The Midrashim mentioned and described briefly in this article-R. Avraham ben Shlomo's commentary on the early and later prophets, the Midrash Shoel U-Meshiv, and the anonymous Midrash on the Torah written at the beginning of the sixteenth century-represent the transitional stage between the classic and the later Yemenite Midrash. The former are written in a mixture of Hebrew and Arabic, based on rabbinic writings and on the teachings of great medieval scholars such as R. Saadia Gaon and Maimonides, while the latter are written almost solely in Hebrew and based mainly on esoteric, symbolic, allegorical, and kabbalistic elements. Those written in the intermediate period between the old and the new combine all these characteristics.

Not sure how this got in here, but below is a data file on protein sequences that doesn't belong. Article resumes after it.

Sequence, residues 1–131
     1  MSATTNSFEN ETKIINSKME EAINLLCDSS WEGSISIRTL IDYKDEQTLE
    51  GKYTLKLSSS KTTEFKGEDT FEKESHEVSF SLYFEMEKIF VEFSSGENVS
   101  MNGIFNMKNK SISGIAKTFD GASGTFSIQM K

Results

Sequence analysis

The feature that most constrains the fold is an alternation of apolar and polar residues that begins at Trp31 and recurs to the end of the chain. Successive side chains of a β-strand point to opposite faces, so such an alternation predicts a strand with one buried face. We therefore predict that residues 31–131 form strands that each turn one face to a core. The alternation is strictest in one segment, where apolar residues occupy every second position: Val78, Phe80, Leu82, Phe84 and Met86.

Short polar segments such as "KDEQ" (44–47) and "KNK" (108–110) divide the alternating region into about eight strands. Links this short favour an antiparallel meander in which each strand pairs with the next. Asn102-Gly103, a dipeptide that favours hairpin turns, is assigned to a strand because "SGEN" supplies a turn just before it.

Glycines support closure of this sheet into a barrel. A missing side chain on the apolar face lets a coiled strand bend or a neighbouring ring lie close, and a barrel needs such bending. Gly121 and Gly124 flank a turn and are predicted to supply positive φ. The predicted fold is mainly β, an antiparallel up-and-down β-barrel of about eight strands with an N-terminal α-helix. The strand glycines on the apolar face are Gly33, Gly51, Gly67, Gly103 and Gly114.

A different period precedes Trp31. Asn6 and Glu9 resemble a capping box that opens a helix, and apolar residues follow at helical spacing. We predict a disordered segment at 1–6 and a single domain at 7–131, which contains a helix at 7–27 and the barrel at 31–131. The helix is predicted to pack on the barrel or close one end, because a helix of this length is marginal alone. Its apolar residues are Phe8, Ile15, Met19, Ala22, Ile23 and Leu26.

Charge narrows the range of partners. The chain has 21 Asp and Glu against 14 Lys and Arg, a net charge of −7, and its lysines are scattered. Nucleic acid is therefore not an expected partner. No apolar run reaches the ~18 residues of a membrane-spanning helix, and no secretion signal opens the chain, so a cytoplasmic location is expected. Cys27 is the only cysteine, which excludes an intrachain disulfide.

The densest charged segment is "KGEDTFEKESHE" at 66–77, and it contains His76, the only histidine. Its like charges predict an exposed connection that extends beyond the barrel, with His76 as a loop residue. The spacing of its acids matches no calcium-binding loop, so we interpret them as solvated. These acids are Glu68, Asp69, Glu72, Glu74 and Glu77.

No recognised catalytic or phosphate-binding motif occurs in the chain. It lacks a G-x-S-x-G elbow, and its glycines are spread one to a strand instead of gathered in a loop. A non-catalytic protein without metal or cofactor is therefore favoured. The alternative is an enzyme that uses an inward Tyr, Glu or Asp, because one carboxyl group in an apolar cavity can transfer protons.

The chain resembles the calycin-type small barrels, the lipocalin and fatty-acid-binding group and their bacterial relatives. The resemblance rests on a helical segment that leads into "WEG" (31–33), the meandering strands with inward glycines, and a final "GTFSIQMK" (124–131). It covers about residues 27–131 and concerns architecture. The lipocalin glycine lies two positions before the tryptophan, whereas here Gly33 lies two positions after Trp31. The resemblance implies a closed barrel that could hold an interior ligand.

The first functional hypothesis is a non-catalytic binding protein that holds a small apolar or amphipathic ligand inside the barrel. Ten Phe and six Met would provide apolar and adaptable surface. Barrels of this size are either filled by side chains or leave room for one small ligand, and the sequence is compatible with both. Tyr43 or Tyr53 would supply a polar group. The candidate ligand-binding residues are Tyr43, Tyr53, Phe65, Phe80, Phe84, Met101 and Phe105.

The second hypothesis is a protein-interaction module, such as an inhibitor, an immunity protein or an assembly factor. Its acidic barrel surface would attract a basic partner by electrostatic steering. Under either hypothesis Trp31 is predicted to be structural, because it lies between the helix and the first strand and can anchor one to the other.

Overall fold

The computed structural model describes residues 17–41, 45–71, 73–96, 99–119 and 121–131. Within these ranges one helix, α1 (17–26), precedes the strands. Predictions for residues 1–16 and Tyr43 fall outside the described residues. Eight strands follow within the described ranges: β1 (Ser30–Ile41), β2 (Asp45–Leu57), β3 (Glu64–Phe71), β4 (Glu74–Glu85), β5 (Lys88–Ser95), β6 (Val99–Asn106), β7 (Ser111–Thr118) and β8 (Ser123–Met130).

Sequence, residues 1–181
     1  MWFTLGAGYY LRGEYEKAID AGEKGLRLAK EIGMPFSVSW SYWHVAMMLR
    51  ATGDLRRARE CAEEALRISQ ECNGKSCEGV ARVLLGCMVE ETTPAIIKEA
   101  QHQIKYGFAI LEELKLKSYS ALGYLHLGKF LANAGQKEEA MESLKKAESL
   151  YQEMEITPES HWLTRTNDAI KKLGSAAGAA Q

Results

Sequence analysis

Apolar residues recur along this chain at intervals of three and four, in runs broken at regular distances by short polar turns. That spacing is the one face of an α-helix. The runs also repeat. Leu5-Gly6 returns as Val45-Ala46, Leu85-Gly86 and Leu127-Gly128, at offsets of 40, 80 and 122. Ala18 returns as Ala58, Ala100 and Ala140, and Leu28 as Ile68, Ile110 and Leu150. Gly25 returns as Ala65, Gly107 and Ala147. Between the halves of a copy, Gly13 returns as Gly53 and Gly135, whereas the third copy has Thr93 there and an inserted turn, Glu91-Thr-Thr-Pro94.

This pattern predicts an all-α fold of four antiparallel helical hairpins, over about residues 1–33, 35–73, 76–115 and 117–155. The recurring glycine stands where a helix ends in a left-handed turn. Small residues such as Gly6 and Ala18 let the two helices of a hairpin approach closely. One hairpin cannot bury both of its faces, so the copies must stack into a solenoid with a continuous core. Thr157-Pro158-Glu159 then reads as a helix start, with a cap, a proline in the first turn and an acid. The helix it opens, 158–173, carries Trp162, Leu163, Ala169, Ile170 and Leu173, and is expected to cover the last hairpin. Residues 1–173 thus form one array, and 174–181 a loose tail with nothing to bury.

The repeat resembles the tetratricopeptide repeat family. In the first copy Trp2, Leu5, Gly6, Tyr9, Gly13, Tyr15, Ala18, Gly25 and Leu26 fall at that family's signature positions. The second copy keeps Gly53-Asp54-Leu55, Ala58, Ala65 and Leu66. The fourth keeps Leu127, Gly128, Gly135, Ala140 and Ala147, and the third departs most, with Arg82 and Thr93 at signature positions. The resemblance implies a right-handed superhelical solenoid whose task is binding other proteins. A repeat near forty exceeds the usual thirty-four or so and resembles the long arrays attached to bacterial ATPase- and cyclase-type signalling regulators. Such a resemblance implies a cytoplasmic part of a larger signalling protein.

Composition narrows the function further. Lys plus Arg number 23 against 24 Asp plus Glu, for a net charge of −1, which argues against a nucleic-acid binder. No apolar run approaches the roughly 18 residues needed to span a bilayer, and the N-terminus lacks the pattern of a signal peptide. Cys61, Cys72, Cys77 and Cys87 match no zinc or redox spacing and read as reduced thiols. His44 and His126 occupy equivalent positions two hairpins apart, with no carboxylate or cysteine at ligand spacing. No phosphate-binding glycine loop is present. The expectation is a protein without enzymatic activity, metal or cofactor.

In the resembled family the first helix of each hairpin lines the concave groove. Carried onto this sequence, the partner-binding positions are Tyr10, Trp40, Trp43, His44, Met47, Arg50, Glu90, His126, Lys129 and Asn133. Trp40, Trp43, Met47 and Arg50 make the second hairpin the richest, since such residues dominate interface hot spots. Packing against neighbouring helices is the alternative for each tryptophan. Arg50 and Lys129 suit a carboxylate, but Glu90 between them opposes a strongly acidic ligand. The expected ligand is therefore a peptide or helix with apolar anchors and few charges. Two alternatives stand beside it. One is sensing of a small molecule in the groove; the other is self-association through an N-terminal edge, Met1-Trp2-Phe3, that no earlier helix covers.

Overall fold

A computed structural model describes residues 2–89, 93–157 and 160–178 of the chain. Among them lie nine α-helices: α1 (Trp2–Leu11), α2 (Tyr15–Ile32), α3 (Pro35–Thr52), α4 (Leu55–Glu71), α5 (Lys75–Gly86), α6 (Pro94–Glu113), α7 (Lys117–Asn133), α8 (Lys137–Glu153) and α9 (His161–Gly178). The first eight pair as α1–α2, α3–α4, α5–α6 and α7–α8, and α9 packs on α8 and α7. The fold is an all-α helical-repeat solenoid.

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- British Library Manuscript Or. 1481
- R. Manur al-Dhamārī
- Yemenite Midrashim